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Smoked Ribs with Maple BBQ Glaze

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It is no secret that my maple barbecue glaze is amazingly good and has been featured on turkey and even chicken but can it be used on things other than poultry? This week we are brushing it onto smoked baby back ribs while they cook in the Traeger pellet smoker we just received and it has, once again, “hit it out of the ballpark!”

Helpful Information
  • Preparation time: 20 minutes
  • Cook time: 5-6 hours
  • Smoker temperature: 225-240°F
  • Meat finish temperature: N/A
  • Recommended wood: Pecan
What You’ll Need
Step 1: Remove Membrane

Some folks say remove the membrane on the bone side of the ribs, some say don’t. I have tried it both ways and I can’t tell a significant difference regarding moisture or flavor. For me it’s all about not having to deal with the membrane while I am eating. I just think it’s a nice touch to remove it.

To remove it, use a butter knife or similar to lift up one edge or corner then use a paper towel or catfish pliers for a better grip and pull it clean off.

Step 2: Coat with Maple Syrup

There is nothing better than mustard to help the rub to stick and that’s normally what I love to use. Since these are going to be getting some maple barbecue glaze later, I opted to use maple syrup as my “sticky” component.

Starting with the side you are already on, the boney side with the membrane now gone..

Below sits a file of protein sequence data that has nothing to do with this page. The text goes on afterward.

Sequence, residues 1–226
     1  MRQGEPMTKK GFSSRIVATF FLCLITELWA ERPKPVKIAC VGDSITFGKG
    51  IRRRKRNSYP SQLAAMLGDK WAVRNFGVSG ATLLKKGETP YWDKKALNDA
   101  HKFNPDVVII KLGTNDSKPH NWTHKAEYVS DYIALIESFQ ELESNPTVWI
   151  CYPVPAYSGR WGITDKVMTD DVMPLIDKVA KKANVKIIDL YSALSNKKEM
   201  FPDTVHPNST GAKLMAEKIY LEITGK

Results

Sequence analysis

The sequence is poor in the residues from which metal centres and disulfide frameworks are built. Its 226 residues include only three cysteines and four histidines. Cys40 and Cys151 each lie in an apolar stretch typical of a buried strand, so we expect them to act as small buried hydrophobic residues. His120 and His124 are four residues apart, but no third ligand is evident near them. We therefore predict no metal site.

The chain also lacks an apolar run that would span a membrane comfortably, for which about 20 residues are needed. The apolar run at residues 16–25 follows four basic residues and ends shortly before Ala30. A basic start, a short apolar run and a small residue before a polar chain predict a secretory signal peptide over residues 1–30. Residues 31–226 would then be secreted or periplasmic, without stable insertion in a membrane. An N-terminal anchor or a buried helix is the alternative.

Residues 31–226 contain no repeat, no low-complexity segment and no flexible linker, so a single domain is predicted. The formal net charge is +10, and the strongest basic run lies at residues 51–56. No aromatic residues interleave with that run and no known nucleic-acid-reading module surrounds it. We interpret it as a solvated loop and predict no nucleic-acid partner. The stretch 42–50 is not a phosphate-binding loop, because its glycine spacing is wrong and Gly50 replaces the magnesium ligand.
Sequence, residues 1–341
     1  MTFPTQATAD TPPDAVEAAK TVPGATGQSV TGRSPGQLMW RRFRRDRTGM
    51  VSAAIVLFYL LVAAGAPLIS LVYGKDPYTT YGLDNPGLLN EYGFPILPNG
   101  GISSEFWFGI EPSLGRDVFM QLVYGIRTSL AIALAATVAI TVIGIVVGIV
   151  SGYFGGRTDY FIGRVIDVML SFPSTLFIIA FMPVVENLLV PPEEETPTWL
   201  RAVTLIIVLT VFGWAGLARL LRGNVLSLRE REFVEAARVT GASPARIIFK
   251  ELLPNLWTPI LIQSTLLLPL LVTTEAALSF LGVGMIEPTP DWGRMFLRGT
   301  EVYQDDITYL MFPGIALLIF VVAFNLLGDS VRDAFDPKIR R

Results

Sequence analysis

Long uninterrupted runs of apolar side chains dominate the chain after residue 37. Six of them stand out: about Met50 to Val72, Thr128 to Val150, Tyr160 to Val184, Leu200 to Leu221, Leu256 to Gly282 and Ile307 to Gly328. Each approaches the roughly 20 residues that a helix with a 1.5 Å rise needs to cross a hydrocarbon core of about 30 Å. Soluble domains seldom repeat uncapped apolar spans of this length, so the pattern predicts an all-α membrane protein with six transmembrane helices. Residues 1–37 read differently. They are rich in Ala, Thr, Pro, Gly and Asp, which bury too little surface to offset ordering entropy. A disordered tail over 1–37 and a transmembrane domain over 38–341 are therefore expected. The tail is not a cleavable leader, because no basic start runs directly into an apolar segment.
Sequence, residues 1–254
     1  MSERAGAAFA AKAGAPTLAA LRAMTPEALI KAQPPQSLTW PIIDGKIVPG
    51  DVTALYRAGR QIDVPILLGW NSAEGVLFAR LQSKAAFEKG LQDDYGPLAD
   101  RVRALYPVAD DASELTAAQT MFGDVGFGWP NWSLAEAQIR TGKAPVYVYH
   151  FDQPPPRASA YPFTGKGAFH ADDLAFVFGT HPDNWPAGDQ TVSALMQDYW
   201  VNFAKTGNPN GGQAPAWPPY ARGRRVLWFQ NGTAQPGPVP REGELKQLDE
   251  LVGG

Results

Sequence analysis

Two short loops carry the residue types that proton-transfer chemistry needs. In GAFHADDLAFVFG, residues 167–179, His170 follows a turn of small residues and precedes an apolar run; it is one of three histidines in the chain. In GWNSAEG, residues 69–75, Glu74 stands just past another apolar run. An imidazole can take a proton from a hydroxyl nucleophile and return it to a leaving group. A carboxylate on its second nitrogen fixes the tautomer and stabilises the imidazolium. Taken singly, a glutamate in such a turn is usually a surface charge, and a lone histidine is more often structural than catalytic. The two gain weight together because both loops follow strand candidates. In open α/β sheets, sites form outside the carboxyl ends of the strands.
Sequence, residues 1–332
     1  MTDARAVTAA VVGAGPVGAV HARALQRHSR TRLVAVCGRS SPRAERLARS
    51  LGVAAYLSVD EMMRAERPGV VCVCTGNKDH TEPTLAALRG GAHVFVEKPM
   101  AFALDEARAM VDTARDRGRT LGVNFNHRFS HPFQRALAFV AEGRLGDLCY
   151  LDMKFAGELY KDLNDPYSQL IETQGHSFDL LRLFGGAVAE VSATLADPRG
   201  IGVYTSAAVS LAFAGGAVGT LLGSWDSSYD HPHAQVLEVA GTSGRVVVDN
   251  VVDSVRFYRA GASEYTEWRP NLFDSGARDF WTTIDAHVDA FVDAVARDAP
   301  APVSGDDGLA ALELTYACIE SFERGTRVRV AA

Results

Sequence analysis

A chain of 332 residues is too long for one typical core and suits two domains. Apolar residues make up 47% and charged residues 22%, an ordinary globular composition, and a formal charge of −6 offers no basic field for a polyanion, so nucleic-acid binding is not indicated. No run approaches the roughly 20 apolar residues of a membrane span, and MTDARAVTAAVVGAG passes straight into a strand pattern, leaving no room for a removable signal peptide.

Pour it on and use a silicon brush to spread it all over the ribs and don’t forget to get the sides and ends as well.


Step 3: Season with Rub

Sprinkle Jeff’s original rub  onto the ribs.

Be generous about it.


Let the ribs sit for a couple of minutes to absorb some of the moisture from the syrup. Giving this a little time prevents the rub from falling off when you move the ribs or flip them over.

Step 4: Repeat Syrup and Rub on Meaty Side

Flip ribs to meaty side up and apply the maple syrup and rub just like you did on the other side remembering to be generous with the rub.

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Let the ribs sit for a few more minutes while the rub and syrup combine.

Step 5: Into Fridge Overnight (optional)

I often put the ribs straight into the smoker at this point and there’s nothing at all wrong with that but, let it be known, that you can enhance the flavor by placing them into a lidded container and then into the fridge overnight. You can also just wrap them in plastic wrap instead of using a lidded container.


Step 6: Setup Smoker

In the morning, take the ribs out of the fridge and place them on the cabinet for a few minutes while you go get the smoker ready.

Use whatever smoker you have and set it up for cooking with smoke at about 225°F.

I just received a brand new Traeger Lil’ Tex from Traeger Grills and so obviously, I am going to break it in right with some smoked pork ribs.

Just an FYI: I’ve been using it for a couple of weeks now, running it through some paces and I have to say that I am very impressed with the ease of setup and operation and with the final product that it produces. Mind you, this is my first venture into cooking with pellets and therefore I cannot compare it with other pellet smokers. I am simply comparing the Traeger pellet smoking experience with my experiences using other types of smokers such as electric, propane and horizontal stick burners.